Galaxy, Danufil, and Viloft are rayon brands produced by Kelheim Fibres, a German manufacturer.
Acordis is a major manufacturer of cellulose based fibres and yarns. Production facilities can be found throughout Europe, the U.S. and Brazil.
Visil rayon is a flame retardant form of viscose which has silica built into the content of the fibre during manufacturing.
Uses of rayon
Some major Rayon fibre uses include apparel (e.g. blouses, dresses, jackets, lingerie, linings, suits, ties), furnishings (e.g. bedspreads, blankets, window treatments, upholstery, slipcovers), industrial uses (e.g. medical surgery products, non-woven products, tire cord), and other uses (e.g. feminine hygiene products).
- Textiles, Ninth Edition by Sara J. Kadolph and Anna L. Langford. Upper Saddle River, NJ: Prentice Hall
- Classifications & Analysis of Textiles: A Handbook by Karen L. LaBat, Ph.D. and Carol J. Salusso, Ph.D. University of Minnesota, 2003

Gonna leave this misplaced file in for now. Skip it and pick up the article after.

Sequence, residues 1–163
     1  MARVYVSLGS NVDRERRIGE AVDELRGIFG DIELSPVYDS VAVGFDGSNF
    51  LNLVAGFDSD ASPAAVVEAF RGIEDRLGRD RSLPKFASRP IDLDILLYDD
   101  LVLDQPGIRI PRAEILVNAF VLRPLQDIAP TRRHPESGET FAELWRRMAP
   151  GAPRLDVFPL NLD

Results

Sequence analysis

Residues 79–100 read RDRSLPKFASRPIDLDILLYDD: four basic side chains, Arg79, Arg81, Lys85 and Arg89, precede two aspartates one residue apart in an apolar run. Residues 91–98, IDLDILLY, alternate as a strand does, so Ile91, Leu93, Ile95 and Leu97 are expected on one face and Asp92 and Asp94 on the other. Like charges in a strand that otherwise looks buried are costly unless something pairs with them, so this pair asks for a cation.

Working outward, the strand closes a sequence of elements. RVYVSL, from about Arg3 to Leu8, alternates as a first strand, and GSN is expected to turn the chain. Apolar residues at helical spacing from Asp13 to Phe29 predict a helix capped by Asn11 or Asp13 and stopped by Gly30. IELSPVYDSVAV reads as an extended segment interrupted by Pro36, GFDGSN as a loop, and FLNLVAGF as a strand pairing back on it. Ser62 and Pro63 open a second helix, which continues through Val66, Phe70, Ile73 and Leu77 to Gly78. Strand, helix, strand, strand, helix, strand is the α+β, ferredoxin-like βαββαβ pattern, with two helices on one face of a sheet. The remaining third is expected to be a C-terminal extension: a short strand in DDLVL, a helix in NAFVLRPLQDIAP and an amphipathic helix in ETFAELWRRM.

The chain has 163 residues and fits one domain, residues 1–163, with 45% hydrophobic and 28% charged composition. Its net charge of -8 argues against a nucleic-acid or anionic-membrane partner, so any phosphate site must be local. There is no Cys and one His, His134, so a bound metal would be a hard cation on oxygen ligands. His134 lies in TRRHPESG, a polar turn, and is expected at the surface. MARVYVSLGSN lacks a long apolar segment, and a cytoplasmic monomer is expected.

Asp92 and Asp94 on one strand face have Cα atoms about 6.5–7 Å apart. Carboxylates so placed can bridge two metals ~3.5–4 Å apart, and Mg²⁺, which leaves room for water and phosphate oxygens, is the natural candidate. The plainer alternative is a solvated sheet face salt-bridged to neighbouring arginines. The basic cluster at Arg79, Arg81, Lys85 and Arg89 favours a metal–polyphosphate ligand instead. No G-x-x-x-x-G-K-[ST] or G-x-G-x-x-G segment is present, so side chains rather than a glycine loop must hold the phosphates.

- Lenzing Fibres
- Kelheim Fibres
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Cellulose fibres from wood, cotton or hemp are dissolved in alkali to make a solution called viscose. Viscose used in Europe as the name of the fibre rayon.
Cellophane is a thin, transparent sheet made of processed cellulose. It is made when viscose solution is extruded through a slit into an acid bath to reconvert the viscose into cellulose. A similar process, using a hole instead of a slit (a spinneret), is used to make a fibre called rayon.
Triacetate also known as 'cellulose triacetate', is manufactured from cellulose and acetate. Triacetate is typically used for the creation of fibres and film base. It is similar chemically to cellulose acetate, with the distinguishing characteristics being that in triacetate, according to the Federal Trade Commission definition, at least "92 percent of the hydroxyl groups are acetylated". During the manufacture of triacetate the cellulose is completely acetylated whereas in regular cellulose acetate or cellulose diacetate, it is only partially acetylated. Triacetate is significantly more heat resistant than cellulose acetate.